Few conversations are packed with more pressure–and opportunity–than a salary negotiation. Many job seekers fear negotiating and avoid it by simply saying “yes” to the first version of the job offer.
There’s no need to cave in and leave money and perks on the table. Here are some tips and tools that will help you negotiate more confidently and effectively.
These tips are based on the book Fearless Salary Negotiation by Josh Doody. Many of them are common strategies I’ve been writing about all along, such as avoiding discussion of specific salary figures before receiving an offer (and here’s an infographic about what to say instead). But I wanted to highlight some insights I haven’t focused on before.
Don’t say these 4 words:
“No” and other negative words.
“No” is one of the most common words in the English language. But in negotiation, negative language can make people defensive, interfering with the positive rapport and collaborative spirit that lead to win-win solutions. Instead, say things like “I would be more comfortable with…” or “Here’s another option…” It may be best to avoid any language more negative than “that doesn’t work for me” or “I’m not sure this is a win-win, yet.”
Although you’re not saying the word “no,” you’re not accepting the current offer, either.
“Try” and “later.”
Let’s say you feel the salary they’re offering is a bit low, and they’ve informed you that the first opportunity for a merit increase would come a year after hire. You’ve gotten as far as you can in improving the immediate offer, so you’re asking for a promise of a salary review six months after hire. The tip is: Do not say “try,” as in “let’s try to reevaluate at that point.”
Likewise, if you get a “try” response, like “we’ll try to do that,” the chances are good that it will never happen. Get a firm commitment. As Yoda said in the fifth Star Wars movie, “Do or do not, there is no try.” Don’t let them weasel out.
And don’t say “later,” as in “we can talk about tuition reimbursement later, after I start.” You will probably never again have such a strong negotiating position–they want you and they don’t yet have you–so now is the time to get agreement on the benefits, perks and working conditions you want.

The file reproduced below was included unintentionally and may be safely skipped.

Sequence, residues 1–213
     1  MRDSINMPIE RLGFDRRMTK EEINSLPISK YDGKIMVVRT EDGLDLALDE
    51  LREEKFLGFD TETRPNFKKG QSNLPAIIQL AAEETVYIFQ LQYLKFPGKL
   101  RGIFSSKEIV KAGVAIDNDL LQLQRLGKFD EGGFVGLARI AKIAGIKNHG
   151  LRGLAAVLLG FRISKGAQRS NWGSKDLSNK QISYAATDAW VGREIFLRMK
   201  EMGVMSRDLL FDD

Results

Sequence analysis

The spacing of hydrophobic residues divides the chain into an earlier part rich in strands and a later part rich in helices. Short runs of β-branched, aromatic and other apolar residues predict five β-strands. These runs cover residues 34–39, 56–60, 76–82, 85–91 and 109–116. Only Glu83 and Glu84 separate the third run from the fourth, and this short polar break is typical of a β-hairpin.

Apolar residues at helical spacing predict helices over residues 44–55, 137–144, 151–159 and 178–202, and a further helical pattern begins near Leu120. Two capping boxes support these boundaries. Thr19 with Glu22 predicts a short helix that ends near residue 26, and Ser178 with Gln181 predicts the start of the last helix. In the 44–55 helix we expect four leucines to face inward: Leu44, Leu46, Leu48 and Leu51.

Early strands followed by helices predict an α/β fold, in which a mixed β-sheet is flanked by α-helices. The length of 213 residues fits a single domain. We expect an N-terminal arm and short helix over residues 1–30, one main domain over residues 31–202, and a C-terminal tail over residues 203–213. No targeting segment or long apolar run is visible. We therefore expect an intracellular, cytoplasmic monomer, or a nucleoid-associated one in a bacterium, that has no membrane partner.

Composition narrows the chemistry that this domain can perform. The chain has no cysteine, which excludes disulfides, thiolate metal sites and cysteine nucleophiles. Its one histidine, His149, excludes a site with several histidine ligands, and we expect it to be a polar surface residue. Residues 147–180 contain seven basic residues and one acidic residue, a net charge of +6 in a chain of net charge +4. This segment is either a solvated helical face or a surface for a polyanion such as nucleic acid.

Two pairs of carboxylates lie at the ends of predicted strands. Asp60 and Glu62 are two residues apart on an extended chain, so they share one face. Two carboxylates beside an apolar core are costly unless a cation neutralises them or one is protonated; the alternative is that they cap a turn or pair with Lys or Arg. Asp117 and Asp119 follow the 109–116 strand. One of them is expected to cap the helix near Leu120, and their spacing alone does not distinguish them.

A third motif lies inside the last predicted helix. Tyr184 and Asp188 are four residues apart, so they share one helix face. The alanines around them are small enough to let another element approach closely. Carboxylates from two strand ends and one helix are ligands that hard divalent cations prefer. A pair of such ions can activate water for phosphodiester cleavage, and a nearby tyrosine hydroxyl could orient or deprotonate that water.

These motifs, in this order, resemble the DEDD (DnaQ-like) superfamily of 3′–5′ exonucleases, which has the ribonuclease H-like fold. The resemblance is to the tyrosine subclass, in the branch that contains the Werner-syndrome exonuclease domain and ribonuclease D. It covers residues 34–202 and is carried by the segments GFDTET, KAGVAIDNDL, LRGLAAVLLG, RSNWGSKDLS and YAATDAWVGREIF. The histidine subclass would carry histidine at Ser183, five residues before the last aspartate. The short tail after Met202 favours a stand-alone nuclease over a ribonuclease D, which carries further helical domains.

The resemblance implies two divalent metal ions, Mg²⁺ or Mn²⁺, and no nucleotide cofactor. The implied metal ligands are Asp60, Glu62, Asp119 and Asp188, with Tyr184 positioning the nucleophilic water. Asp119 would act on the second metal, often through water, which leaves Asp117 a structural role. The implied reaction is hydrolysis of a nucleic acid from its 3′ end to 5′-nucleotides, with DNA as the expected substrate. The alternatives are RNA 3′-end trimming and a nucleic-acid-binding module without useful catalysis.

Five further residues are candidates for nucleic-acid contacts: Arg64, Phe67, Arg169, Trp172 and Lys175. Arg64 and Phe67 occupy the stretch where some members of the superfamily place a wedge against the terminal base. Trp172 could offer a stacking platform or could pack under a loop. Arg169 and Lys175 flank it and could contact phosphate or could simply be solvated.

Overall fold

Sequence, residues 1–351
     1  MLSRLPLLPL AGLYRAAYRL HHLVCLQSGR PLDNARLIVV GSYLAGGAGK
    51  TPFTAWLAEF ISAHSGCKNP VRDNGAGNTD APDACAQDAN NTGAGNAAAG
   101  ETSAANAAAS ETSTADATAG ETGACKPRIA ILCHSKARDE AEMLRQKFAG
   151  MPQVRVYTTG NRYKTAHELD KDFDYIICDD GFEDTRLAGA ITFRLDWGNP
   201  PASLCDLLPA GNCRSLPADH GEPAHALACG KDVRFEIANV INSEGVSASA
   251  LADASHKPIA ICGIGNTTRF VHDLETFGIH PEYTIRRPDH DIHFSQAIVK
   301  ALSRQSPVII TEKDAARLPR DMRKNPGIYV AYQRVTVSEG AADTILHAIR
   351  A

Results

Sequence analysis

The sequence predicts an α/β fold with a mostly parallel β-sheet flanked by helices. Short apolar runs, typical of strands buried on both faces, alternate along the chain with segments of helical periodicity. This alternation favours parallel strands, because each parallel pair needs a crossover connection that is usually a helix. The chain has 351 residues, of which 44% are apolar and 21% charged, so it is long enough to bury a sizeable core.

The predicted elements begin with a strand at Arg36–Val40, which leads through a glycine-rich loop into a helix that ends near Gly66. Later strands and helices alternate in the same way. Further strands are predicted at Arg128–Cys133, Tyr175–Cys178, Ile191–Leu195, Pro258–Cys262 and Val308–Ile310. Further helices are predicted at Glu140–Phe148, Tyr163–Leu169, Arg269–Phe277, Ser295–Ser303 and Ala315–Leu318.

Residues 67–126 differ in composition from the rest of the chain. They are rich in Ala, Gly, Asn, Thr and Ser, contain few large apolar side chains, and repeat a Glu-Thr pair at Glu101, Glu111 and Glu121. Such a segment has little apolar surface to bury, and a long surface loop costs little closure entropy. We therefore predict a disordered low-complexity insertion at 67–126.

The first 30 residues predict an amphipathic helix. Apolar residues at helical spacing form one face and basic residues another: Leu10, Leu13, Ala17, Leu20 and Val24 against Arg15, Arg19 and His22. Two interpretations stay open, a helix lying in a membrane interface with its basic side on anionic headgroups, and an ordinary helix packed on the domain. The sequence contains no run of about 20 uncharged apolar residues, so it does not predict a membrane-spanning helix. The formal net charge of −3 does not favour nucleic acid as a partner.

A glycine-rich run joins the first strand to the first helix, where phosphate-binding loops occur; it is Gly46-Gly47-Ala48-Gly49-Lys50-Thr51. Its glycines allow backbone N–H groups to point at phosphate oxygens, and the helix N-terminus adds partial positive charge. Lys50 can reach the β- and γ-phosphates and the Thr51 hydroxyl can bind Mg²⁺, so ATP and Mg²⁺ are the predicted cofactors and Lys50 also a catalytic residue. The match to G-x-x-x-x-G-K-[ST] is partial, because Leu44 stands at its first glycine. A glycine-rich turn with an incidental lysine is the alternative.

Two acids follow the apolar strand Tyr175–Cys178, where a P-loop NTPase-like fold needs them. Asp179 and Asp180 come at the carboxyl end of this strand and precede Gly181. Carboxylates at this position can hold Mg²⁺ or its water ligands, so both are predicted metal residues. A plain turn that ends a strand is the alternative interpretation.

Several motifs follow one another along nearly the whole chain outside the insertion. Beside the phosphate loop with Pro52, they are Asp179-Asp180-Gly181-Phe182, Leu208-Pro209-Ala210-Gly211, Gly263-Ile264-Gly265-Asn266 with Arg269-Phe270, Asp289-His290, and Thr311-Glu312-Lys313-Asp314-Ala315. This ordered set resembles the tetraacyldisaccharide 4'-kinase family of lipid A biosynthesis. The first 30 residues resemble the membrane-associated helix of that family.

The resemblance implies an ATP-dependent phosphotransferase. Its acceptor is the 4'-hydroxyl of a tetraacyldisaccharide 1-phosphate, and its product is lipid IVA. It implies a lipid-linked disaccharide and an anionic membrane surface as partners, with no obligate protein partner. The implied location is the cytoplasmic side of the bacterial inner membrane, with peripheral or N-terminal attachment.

There are exceptions. For example, flexible work schedules are often negotiated tentatively, with language like “That should be all right” or “Let’s try that out and see how it goes.” Schedule flexibility often becomes a regular part of the job once trust has grown.
Salary negotiation is an uncomfortable process. At times your negotiating partner may be unhappy with a request or counteroffer you make, and it’s tempting to make nice with an apology. This is a mistake for two reasons.
First, it can signal to the recruiter or hiring manager that you might be willing to back down, and that could cost you money or benefits that you could have had.
Second, an apology is not called for, because there is nothing wrong with negotiating; it’s a normal part of professional life. By all means be warm, friendly and appreciative throughout the process, but don’t apologize for doing business.
So that’s what not to say. Here’s some guidance on helpful language to use in salary negotiation.
To make negotiation easier, I’ve created a Negotiation Template that helps you plan your negotiation discussion, shows you how to introduce and justify your “ask” in each area and suggests open-ended questions you can ask to encourage win-win thinking on the part of all parties. You can download this tool for free when you subscribe to this blog.